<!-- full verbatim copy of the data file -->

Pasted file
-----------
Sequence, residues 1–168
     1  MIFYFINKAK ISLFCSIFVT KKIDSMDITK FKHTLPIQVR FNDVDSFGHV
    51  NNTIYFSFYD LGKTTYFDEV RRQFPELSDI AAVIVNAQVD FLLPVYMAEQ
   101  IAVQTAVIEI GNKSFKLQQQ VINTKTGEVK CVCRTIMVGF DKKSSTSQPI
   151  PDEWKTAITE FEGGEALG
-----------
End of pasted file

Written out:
Sequence, residues 1–168
     1  MIFYFINKAK ISLFCSIFVT KKIDSMDITK FKHTLPIQVR FNDVDSFGHV
    51  NNTIYFSFYD LGKTTYFDEV RRQFPELSDI AAVIVNAQVD FLLPVYMAEQ
   101  IAVQTAVIEI GNKSFKLQQQ VINTKTGEVK CVCRTIMVGF DKKSSTSQPI
   151  PDEWKTAITE FEGGEALG